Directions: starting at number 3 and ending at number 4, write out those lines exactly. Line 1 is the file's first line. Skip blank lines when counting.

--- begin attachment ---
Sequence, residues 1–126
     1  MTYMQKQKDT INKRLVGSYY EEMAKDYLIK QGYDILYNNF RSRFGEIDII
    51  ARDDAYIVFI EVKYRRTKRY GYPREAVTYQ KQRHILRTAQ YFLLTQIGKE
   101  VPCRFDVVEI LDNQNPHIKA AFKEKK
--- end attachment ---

    51  ARDDAYIVFI EVKYRRTKRY GYPREAVTYQ KQRHILRTAQ YFLLTQIGKE
   101  VPCRFDVVEI LDNQNPHIKA AFKEKK